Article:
Justin de Benedictis-Kessner – FWR Director
Current City: Boston, MA
Current Program: PhD candidate, Department of Political Science, MIT.
When I graduated from W&M, like many rowers I stopped rowing. Also like most former rowers, I missed the good workout and camaraderie of the team. While I could never replace WMRC in my life, I started cycling and running more once I moved to Boston. Being a PhD student can often be dull, so I felt the need to take on something challenging to distract myself from the unending research and reading. After running a marathon earlier this year, I decided to take on an even more extreme athletic challenge. Along with two friends, I planned a bike trip across the country from Seattle to Boston in 29 days.
We started off at the end of June with only our bikes and a single dry bag with sleeping bags, a shared tent, and one change of clothes. Despite our dreadfully under-prepared legs, we took on the challenge of approximately 120 miles per day and didn’t look back. I’d struggle to make a rowing analogy here, but sadly even a 10k on the erg can’t compare to 8 hours in the saddle. And then doing that again the next day. Multiplied by 29.
We hit a few bumps along the way, including logistical challenges (Where do we stay when it’s the end of the day and there isn’t a campground for the next 80 miles? What kind of a meal can we construct from the ready-to-eat options in a roadside gas station? Can we avoid this giant mountain range because our legs hurt?) but made it through mostly unscathed. The middle of the country had a lot of surprises, including some of the most generous and welcoming people we had ever met. And they don’t just get classified as welcoming because they endured our sweaty and smelly selves – there were people who let us stay with them despite having just met us, people who bought us meals because they wanted to help us in the only way they could, and people who gave us much-needed advice on smoother roads and places to stop for tasty re-fueling.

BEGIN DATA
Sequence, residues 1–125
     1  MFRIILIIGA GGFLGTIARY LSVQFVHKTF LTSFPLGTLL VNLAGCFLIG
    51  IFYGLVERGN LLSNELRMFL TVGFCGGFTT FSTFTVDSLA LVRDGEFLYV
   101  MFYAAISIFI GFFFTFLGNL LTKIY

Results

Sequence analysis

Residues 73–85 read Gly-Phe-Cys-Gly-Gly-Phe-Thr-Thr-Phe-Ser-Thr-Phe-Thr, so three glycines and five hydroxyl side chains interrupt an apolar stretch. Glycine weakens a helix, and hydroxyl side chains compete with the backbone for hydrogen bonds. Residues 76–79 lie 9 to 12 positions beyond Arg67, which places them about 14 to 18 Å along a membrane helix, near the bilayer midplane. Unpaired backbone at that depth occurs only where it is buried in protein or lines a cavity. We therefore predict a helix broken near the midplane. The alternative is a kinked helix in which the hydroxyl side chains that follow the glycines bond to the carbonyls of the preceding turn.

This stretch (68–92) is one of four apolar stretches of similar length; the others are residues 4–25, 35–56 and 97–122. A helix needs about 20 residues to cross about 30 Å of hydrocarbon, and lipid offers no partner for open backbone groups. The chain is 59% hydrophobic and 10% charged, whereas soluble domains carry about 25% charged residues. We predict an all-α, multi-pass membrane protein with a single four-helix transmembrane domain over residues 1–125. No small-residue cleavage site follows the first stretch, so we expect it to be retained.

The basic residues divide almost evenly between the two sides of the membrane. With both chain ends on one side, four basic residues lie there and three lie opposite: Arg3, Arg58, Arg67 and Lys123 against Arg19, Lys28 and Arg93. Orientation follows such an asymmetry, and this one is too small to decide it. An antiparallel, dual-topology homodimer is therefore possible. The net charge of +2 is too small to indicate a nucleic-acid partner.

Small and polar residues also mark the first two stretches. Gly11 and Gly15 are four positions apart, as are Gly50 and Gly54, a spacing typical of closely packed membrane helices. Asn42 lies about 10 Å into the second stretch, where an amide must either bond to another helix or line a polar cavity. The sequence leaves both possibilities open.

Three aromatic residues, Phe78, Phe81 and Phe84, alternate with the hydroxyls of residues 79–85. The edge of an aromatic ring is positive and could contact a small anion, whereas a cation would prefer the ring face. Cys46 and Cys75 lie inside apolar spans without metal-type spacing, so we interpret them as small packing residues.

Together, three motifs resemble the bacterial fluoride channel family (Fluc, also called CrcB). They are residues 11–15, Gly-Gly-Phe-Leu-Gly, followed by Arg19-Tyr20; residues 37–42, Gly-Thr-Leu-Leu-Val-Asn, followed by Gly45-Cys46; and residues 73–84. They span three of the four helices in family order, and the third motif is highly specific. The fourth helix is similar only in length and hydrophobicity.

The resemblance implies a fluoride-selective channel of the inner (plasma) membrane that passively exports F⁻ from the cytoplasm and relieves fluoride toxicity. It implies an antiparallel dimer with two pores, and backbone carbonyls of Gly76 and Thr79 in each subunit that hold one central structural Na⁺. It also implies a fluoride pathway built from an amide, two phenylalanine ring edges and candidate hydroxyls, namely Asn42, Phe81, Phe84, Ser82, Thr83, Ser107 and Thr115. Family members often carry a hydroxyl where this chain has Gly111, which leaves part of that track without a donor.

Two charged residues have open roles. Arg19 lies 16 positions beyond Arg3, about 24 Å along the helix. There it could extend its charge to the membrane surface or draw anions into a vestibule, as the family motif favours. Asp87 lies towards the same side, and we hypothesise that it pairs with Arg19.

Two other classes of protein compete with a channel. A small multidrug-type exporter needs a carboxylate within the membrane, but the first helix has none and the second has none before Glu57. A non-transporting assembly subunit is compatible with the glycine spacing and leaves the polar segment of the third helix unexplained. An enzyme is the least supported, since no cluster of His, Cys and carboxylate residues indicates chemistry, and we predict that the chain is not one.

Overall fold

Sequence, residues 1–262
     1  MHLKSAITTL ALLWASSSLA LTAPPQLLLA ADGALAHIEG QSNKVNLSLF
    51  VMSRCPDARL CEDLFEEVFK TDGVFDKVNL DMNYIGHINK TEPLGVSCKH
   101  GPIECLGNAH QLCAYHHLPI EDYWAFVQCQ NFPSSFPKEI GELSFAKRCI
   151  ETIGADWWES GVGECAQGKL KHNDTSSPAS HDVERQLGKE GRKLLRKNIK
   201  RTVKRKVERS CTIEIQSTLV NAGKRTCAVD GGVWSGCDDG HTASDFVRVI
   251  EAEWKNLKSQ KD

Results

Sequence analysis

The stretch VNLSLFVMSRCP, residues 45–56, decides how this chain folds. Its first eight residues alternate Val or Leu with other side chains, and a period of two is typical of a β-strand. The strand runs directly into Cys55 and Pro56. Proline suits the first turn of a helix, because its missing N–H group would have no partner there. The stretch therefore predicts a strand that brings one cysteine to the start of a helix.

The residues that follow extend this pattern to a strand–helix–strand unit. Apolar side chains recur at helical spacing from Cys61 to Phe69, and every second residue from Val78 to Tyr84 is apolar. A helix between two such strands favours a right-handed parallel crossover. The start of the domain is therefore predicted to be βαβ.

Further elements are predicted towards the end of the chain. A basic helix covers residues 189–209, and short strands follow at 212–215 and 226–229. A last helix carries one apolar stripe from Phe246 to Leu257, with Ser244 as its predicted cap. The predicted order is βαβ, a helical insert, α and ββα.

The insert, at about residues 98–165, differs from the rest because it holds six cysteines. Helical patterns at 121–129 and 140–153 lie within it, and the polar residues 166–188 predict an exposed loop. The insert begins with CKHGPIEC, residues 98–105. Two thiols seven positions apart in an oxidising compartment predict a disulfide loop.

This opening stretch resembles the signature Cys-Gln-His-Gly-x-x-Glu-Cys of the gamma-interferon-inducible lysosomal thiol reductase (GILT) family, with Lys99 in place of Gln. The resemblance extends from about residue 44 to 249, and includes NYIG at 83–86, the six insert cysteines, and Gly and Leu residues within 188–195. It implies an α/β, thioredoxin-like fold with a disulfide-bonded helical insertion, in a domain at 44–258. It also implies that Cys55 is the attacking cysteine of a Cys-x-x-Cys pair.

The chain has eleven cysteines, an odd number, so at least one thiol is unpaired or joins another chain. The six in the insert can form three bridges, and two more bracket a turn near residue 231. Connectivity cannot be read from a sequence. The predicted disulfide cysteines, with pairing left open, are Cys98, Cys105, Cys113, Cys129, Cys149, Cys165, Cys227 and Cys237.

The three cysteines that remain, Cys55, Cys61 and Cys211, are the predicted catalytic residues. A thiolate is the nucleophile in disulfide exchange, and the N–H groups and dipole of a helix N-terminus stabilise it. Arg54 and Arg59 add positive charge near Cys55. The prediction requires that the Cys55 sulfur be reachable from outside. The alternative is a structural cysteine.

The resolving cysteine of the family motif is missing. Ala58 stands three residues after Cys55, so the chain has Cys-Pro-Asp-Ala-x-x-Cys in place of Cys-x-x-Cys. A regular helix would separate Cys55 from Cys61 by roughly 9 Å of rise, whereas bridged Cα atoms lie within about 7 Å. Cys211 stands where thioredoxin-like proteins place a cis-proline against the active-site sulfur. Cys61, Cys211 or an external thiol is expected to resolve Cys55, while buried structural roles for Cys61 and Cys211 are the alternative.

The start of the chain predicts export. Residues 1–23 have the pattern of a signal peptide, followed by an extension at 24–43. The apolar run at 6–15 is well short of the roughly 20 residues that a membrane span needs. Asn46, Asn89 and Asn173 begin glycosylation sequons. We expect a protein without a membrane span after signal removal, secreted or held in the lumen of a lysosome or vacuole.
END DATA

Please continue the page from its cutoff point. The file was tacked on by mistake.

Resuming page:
Highlights of the trip included an amazing couple days in Yellowstone, along with some fast days across Iowa with terrific tailwinds. We individually learned a lot about the limits of our bodies, and even a little about the interpersonal differences that emerge when you spend all your time with only two other people. One of the most liberating parts of the experience was living without computers and disconnecting from our phones for most hours of the day.
There’s way too many stories to elaborate on in Surge, but check out our blog at seattle2bostonride.blogspot.com for anecdotes, more photos, and even a gear list in case anyone wants to attempt a similar trip! Tons of thanks to former WMRC coaches Dave Wilson, Nathan Walker, and Travis Hall for encouraging me to first get on a road bike back in college!